Can You Love Someone With A Religious Faith?

Several times I have read AN members mentioning their religious or even very religious spouse, mostly I remember men talking about their wives.

So I am puzzled.   For me, love needs the mutual appreciation and respect for the other as for an equal person.   But I consider religious faith as a form of mental illness or at least a serious flaw in their thinking, so I have no respect for religious people, only condescension and compassion.

Logically, I cannot love a religious man or one, who has similar absurd beliefs like astrology.   I perceive some invisible chasm between them and me.

Christians are supposed to be tolerant.  But what is tolerance between people of incompatible basic values other than the resignation of not being able to share intellectual intimacy?   

Are mixed couple having any seriously incompatible attitude concerning religion or politics formed of persons reciprocally taking advantage of each other?

Are mixed couples those who just follow their instincts - the man wants a body, the woman his money, both serving their instinctive urge to procreate?  

Do mixed couples sacrifice their own emotional needs in favor of the survival of their genes?

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My best friend who I've been very close to for years is a Christian. Her beliefs are her own and don't come from any sense of pride or tradition like I've found a lot of religious types to be guilty of. Sure, I believe there are rational explanations for all the things she attributes to her god or faith or whatnot, but it's not something that would have deterred me from engaging a relationship if I wanted to pursue one with her (which I haven't). Just like most women, marriage is the ultimate goal for her, and she will only marry someone who shares her faith. I would certainly prefer someone that is Atheist for myself as that is a pretty important aspect of my character in relation to the society I live in, but I'm not prepared to say that it's a deal-breaker.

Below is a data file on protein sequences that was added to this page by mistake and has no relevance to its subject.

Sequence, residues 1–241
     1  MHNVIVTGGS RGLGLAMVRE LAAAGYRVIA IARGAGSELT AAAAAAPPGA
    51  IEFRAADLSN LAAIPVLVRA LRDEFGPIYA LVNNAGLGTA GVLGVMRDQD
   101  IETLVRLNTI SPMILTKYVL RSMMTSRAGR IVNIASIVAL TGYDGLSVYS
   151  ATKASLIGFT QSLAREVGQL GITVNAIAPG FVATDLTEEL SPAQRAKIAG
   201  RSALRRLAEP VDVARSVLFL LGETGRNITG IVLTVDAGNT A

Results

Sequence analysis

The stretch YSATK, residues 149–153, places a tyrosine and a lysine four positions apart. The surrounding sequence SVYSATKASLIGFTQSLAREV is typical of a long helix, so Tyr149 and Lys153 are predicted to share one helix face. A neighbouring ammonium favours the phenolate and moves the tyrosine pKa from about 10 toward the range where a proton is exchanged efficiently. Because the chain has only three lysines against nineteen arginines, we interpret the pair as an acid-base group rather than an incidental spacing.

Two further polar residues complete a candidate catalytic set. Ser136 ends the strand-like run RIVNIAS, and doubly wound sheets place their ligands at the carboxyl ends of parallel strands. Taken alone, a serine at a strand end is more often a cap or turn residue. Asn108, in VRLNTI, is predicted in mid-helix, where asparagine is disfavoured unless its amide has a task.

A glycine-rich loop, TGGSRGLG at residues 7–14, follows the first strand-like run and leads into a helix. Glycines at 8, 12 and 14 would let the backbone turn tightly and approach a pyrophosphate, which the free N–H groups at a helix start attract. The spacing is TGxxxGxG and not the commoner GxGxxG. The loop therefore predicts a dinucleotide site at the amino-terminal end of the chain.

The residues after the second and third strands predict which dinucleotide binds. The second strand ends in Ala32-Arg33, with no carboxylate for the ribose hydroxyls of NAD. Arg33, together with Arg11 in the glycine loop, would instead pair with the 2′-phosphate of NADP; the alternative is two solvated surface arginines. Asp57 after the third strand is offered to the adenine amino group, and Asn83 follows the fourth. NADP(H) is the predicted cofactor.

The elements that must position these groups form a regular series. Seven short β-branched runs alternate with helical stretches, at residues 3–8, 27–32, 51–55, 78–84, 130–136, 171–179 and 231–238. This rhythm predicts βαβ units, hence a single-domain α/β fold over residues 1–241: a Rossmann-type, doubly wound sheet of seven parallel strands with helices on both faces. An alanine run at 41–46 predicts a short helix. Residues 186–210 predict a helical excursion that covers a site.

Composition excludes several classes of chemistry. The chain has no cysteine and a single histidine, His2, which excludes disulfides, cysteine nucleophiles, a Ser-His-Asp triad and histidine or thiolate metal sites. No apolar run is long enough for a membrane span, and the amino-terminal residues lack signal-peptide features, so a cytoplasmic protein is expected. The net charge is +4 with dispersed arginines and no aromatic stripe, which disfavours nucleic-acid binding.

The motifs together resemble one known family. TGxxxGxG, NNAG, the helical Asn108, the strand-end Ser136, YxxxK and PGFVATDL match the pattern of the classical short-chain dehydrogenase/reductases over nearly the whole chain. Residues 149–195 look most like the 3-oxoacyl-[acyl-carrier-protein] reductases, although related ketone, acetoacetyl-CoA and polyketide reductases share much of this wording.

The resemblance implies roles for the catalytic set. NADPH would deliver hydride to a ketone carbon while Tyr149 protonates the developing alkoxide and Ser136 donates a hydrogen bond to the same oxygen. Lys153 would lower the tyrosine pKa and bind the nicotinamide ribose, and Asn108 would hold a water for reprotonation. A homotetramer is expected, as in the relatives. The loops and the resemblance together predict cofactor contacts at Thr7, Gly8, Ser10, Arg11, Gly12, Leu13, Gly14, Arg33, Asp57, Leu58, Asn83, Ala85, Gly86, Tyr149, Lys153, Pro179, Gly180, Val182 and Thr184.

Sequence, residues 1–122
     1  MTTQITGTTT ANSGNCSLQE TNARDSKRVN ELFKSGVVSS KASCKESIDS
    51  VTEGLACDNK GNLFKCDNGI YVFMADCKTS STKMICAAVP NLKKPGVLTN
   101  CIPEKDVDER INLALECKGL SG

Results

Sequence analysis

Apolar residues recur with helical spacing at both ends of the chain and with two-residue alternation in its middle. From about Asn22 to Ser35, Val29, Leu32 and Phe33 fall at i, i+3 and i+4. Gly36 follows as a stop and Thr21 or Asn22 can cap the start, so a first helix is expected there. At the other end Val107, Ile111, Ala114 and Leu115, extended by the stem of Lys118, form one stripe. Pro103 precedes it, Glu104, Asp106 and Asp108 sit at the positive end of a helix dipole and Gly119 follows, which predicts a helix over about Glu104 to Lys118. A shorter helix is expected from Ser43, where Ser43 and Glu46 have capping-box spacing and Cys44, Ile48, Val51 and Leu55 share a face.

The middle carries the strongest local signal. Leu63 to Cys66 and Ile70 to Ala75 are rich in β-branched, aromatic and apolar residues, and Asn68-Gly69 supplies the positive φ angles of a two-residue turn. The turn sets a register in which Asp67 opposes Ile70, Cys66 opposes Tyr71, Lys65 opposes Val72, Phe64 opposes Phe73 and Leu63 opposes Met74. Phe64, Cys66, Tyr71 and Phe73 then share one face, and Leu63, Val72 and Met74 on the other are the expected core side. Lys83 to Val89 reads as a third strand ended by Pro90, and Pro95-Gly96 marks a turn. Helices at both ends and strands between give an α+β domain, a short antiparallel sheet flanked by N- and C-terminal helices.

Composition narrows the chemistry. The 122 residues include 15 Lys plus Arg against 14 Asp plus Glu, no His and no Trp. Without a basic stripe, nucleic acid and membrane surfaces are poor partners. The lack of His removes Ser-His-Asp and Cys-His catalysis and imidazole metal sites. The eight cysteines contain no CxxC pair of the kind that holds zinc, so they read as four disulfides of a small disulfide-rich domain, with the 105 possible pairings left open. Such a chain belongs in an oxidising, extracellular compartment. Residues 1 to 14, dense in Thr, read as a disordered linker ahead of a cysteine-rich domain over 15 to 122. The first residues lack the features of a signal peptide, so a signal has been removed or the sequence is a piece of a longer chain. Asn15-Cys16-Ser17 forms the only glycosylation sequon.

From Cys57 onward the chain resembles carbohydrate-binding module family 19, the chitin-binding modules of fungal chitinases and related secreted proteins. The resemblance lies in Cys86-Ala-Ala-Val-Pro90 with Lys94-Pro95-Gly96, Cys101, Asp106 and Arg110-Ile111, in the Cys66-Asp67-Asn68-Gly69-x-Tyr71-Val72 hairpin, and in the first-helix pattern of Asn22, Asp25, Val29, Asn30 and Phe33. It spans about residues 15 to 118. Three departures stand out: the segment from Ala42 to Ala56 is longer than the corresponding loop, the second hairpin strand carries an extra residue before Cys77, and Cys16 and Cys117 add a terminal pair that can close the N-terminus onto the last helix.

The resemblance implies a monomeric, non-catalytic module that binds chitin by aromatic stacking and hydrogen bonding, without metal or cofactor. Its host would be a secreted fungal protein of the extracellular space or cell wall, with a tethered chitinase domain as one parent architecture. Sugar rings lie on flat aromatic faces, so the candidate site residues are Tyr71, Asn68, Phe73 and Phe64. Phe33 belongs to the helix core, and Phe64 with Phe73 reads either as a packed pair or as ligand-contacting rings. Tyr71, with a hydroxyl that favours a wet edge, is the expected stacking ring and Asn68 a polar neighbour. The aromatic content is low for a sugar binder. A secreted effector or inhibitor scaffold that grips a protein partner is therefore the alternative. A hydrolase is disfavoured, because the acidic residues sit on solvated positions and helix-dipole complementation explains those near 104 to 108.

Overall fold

On the other hand... I feel like I've become too picky when it comes to women. An intelligent, attractive, atheist that shares my humor and ethics and also finds me attractive... I've got a better chance at winning the lotto.

(I hope I'm not duplicating what I wrote earlier since it doesn't seem to have posted. I also am a single atheist.)